If you have any doubts or queries please leave  a message in the comments section below.  Alternatively, you can email me at stephen@headoftheheard.com

Related Articles

June Edition – All Done Monkey

May Edition – Piri-Piri Lexicon

April Edition – Multilingual Mama

Festa Junina in Curitiba

What else are you going to do when it is chucking down?

What else are you going to do when it is chucking down?

June is not the most pleasant of months here in Curitiba in the south of Brazil.  It has been very wet and chilly, especially in the last two weeks as it doesn’t seem to have stopped raining for more than 10 minutes.  In Europe they cheer themselves up during the long cold winters with Christmas, New Year and various other holidays.  Here we don’t have such harsh winters, but we do have Festa Junina, or June Party.


All the clothes are based on a caricature of caipira (sort of country bumpkin) costumes.  Lots of checked shirts, red neckerchiefs and patched up jeans for the boys and very colourful patchwork style dresses for the girls.  The parents were encouraged to dress up as well with varying degrees of success.  One couple really went for it and won the prize, but most of the time if anybody made an effort it was the wife.  Most of the men (me included) put on a checked shirt and lots of them had a straw hat as well, but that was about it.

Take your partners by the hand

Take your partners by the hand


Absolutely awful is the only way to describe it.  Think of the very worst country and western music you have ever heard.  Make it worse so that it is suitable for little kids and then have them dance in bad approximations of line dancing and you are only half the way to imagining how bad it can possible be.  I could have just about handled it when my son was dancing, only he decided he hated it more than me and cried his heart out and refused to dance.

A large part of me was very proud of him.

This is an example of some dreadfully bad music that might have been played at the party I went to, but it all sounded the same to me.

Food and Drink

Very sweet cakes.  Hot dogs with everything on them, including sweetcorn.  Sweet rice (a bit like rice pudding, only a lot sweeter).  Pé de moleque (Literally ‘street children’s feet’: made of peanuts and melted sugar).  Popcorn (probably with added sugar, but I must confess I didn’t try it).  Basically, whatever you can find but put a load of sugar in it.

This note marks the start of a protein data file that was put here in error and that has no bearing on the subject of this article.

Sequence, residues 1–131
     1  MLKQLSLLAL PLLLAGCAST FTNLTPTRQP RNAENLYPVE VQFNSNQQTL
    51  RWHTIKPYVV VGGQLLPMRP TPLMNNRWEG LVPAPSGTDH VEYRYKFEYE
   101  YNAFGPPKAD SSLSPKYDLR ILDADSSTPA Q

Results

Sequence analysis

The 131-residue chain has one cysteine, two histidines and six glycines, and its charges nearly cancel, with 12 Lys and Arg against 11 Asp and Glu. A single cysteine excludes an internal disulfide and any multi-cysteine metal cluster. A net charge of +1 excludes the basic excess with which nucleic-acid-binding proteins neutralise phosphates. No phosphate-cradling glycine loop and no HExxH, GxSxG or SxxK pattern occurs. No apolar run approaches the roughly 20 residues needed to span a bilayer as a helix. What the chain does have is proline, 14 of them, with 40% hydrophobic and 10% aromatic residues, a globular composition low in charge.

The main drink is quentão, or ‘the big hot one’.  In the rest of Brazil this is made from cachaça, but in the south it is made from red wine.  It has to be served hot with ginger, cloves nutmeg and various other spices that can be found.  If done well, this can be drinkable, but you are pretty much guaranteed a hangover if you drink too much.  I already had a hangover and was the designated driver, so I cut back on the sugar and stuck to Coke.


Bingo!  Lots of bingo.  I lost count of how many games were played.  They had a funny way of playing as well in that, instead of crossing off the numbers they put stones on them instead.  A great idea until a kid bombing from one side of the room to the other bangs into your table.  At least when they were playing bingo, though, it meant they turned the music off.

There were also a couple of games for the kids to play.  They had a fishing game where you had to hook a plastic fish, a chicken game that involved throwing a rubber chicken into a tin and one where you had to knock over tins by throwing balls at them.  There was also a tent with a witch inside it, but our son wasn’t going anywhere near that one.

Lots of prizes to be won in the bingo.

Lots of prizes to be won in the bingo.


I went to my son’s school’s Festa Junina because there was no way of getting out of it.  If you are Brazilian and you grew up with this kind of thing then I suppose it makes sense.  You probably get all nostalgic at the thought of wearing clothes that a country yokel would deem beneath him.  The food is either so sweet it will take the enamel off your teeth or so bland as to taste of cardboard.  The bingo goes on forever, and just when you thought it was all over, along comes another game.

I have to say, though, that all the kids seemed to have a great time and I suppose that is what it is all about.  It was also very well organised by the school and it was obvious that a lot of effort went into getting everything to work well.

Unfortunately, there is no pleasing some cynical Englishmen.